Alexander Kott, chief scientist at the U.S. Army Research Laboratory, said Wednesday at the Defense Systems Summit that creating artificial intelligence (AI) and machine learning (ML) solutions for complex battlefield environments requires different prioritization than commercial solutions, and offered four tips for defense organizations looking to implement.
“The complexity of a real-world mission is often enormous,” he said. “You cannot take for granted that simply getting in-house a machine learning application and machine learning consultants will somehow sprinkle magic dust on your problem. It will not.”
Kott cautioned against falling into the trap of AI or ML buzzwords, trending technologies, or opting for the most convincing vendors. He provided four areas of emphasis that defense agencies should consider when “building mission-relevant applications of machine learning.”
“First, make sure you have the right focus,” Kott said. “To do that, one intellectual mechanism is to conceptualize your intelligent agents that perform your mission, with some idealized future.” This conceptualization refers to the actual AI product, in this case a machine-based “agent.”
Kott said conceptualizing will help to avoid vendor lock-in, adequately prioritize, and focus on the capabilities an AI solution offers and how it contributes to mission focus and desired future state.
“Number two, recognize the complexity of the tasks within your mission,” he said. “Be realistic about extreme complexity and the gaps of machine learning in its current stages.”
He gave the example of the AI and computer vision used for self-driving cars. “They are optimized for a very orderly world, a world of fairly-well-marked highways, streets, rules, and so on.” That notion of order dissolves, he noted, when AI is applied in a “dystopic” combat environment that is both “extremely dynamic and extremely unpredictable.”
“It is a world of extreme complexity and it is not entirely suitable for today’s generation of AI,” the R&D scientist said.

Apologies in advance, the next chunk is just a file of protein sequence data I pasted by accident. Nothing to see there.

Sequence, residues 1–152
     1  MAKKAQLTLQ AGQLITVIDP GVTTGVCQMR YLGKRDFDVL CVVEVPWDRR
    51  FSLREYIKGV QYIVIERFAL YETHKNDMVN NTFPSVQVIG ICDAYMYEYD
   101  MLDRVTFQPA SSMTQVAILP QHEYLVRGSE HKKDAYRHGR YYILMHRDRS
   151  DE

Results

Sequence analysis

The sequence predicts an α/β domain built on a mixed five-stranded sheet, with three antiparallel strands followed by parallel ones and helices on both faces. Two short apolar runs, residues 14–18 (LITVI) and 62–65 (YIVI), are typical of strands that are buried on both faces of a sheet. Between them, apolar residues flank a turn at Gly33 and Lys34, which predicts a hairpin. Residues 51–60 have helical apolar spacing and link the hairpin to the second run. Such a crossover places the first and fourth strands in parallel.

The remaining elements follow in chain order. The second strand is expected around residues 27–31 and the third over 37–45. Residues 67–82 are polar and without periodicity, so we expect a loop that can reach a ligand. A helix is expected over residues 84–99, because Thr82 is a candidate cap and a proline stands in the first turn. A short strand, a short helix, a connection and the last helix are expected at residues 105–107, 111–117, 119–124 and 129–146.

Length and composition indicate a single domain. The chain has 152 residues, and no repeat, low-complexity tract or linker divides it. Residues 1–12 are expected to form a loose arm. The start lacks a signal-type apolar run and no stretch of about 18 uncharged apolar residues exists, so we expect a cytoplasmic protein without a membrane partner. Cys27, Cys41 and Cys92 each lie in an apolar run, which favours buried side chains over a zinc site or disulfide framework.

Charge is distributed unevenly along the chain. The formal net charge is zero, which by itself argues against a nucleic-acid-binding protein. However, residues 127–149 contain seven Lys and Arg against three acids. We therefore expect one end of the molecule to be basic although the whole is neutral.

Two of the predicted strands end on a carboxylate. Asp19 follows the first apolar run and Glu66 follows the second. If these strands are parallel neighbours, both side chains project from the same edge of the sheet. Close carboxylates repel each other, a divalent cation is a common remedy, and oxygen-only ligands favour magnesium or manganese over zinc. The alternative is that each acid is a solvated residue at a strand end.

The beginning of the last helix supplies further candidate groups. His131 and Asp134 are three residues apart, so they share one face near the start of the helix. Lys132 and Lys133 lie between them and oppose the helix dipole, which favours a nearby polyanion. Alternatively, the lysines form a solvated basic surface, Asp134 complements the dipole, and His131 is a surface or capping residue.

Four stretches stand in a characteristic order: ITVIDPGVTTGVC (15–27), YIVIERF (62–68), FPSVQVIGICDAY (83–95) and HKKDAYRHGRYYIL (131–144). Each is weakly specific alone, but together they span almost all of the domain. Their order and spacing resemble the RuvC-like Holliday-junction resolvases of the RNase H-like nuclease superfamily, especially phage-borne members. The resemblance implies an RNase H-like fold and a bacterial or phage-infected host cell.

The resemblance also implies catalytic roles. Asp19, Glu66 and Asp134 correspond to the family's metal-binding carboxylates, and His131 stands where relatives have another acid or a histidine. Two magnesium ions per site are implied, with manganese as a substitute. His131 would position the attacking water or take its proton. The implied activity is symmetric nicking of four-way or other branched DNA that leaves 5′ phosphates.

“Three, investigate whether your tools, your solutions, your vendors can deal with limitations of data,” he said. In particular, computer vision algorithms in combat scenarios may struggle with “dirty” images, full of noise and distortion, Kott said.
Thus, even with potentially millions of images, there is a risk of receiving little actionable information within those huge volumes of data. “You have to at least have a partial solution, at least a work-around, and if you don’t it’s going to bite you,” he said.
“Finally, investigate how you’re going to deal with human issues–of your users, of your trainers of machine learning algorithms,” Kott said.
He said agencies should seek “at least a ten percent solution” to enable AI handlers to both understand how learning algorithms are performing their tasks and “to provide feedback to the machine learning agent.”
Pivotal, he said, is establishing a concept of dialogue with automated platforms around their successes and needed refinements, as systems don’t grasp feedback loops in the same way humans do.
Offering the example of personal home assistants, Kott said, “If you repeat a question a few minutes later, it would have no clue it already told you about that. Dialogue is not like that. Dialogue is when you build a common knowledge, common intent around your mission task and you actually continue to develop discourse around that cumulative knowledge.”
Kott said there are currently no solutions for this, but there are work-arounds, and that vendors need to prioritize this new area of research to make human-machine partnership truly effective.